Syrian troops backing President Bashar al-Assad stepped up their assault on rebels in Aleppo, prompting U.S. Defense Secretary Leon Panetta to predict that Assad’s use of “indiscriminate violence” will hasten the regime’s collapse.
Government forces killed at least 120 people yesterday, mainly in Aleppo, the nation’s commercial hub, and Damascus, the capital, according to the Local Coordination Committees, an activist group. Syrian opposition fighters have seized eight neighborhoods in Aleppo and the road leading to the Turkish border, while the army resumed pounding the city with heavy weapons, according to Al Jazeera television.
About 200,000 people have fled Aleppo and nearby areas in the past two days, Valerie Amos, the United Nations’ top humanitarian affairs official, said in a statement yesterday. The security situation in cities and along main transport routes is making it very difficult for humanitarian agencies to reach displaced families, she said.
“It’s pretty clear that Aleppo is another tragic example of the kind of indiscriminate violence that the Assad regime has committed against its own people,” Panetta told reporters yesterday on his plane as he began a five-day Mideast trip. “If they continue this kind of tragic attack on their own people, it’ll ultimately be a nail in Assad’s coffin.”
Past predictions by U.S. officials that time is running out for Assad have not yet proven correct, as the regime has fought to avoid becoming the latest casualty of the Arab Spring revolts that brought down leaders in Tunisia, Libya and Egypt.
Fierce fighting is taking place near the air force intelligence headquarters in Aleppo, according to the Syrian Observatory for Human Rights. Troops also shelled villages in the eastern province of Deir Ezzor, the central region of Hama and the coastal region of Lattakia, the group said today.
Syrian troops and thugs loyal to Assad, who are locally known as shabiha, committed a new massacre yesterday in a Damascus suburb, Al Jazeera reported, citing Ahmed al-Muathmani, an activist.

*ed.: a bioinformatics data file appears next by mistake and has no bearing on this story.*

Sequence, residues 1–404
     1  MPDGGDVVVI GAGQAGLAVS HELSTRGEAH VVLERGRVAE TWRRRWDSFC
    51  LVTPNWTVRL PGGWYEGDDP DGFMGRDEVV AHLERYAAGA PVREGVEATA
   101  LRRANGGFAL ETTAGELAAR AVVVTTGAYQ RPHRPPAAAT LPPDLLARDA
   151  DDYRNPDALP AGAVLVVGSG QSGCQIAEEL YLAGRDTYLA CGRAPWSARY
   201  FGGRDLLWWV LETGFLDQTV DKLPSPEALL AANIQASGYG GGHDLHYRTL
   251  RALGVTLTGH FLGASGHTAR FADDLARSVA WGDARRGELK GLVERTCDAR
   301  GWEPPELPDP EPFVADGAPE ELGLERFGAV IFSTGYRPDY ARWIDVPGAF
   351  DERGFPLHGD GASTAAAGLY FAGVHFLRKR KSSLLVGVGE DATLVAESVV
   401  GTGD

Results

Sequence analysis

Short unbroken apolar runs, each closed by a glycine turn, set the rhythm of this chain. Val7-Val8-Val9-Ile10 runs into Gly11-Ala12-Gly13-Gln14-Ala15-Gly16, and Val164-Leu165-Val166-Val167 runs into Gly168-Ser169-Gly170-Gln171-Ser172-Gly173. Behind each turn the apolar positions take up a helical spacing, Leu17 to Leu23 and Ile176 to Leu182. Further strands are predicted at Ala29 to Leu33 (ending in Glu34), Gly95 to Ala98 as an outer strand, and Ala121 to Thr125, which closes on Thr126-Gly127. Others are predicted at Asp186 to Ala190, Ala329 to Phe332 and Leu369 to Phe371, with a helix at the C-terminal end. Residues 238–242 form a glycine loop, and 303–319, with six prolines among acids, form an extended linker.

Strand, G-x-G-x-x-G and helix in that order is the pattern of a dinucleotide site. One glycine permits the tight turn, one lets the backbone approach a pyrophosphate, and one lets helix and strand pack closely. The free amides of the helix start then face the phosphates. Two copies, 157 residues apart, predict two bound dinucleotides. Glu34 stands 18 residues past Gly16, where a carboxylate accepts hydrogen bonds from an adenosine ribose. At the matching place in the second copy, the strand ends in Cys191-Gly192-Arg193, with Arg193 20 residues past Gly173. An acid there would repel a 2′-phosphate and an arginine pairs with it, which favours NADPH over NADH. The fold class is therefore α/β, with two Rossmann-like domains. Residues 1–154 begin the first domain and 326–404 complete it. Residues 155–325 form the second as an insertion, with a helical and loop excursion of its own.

“The government forces and thugs have stormed the area this morning right after the Syrian rebels left and have publicly executed 40 people, beheaded a woman” and set houses on fire, he said according to Al Jazeera.
Arab League chief Nabil el-Arabi said that the killing taking place in Syria, such as in the city of Aleppo, rises to the level of war crimes, the Egyptian state-run Middle East News Agency reported yesterday.
“The key right now is to continue to bring pressure on Syria, to provide assistance to the opposition and provide humanitarian aid, and not do anything to show that the international community is other than unified,” Panetta said.
The U.S. is providing non-lethal aid, such as radios and medical supplies, to the rebels, while leaving it to some Arab nations to provide weapons. The Obama administration has said it does not envision military intervention in Syria.
Syrian Foreign Minister Walid al-Muallem denounced what he called interference by the region’s Sunni powers, including Qatar, Saudi Arabia and Turkey. Speaking at a news conference in Tehran, he accused them of supporting the rebels in cooperation with Israel.
Aleppo is shaping up as the biggest test yet of opposition fighters’ capabilities against the regime’s artillery and air power. The city is Syria’s commercial capital, with a population the U.S. Central Intelligence Agency estimates at 3 million.
Assad’s fall from power is “just a matter of time,” the former head of the United Nations’ observer mission said July 27. Still, Major General Robert Mood, the Norwegian who commanded the UN monitoring mission in Syria for three months, told a news conference in Oslo the Assad government has the military resources to sustain its fight for months or even years.
The U.S. has “grave concerns” about Assad’s actions, State Department spokeswoman Victoria Nuland said last week in Washington. The U.S. is alarmed that “we will see a massacre in Aleppo, and that’s what the regime appears to be lining up for,” she said.
International and regional efforts have failed to end the violence in Syria, which began in March 2011 and has left more than 19,000 people dead, including about 5,000 government troops, according to the Observatory.
Jordan yesterday opened its first camp for Syrian refugees in Mafraq governorate near the Syrian border, the state-run Petra news agency reported.
The Zaatari camp, which is a facility with than 2,000 tents, can initially receive about 9,000 Syrian refugees, it reported.
About 1,000 to 2,000 Syrians flee to Jordan every day, Foreign Affairs Minister Nasser Judeh said, according to Petra. More than 142,000 Syrians fled to Jordan since the unrest began last year, Judeh said.
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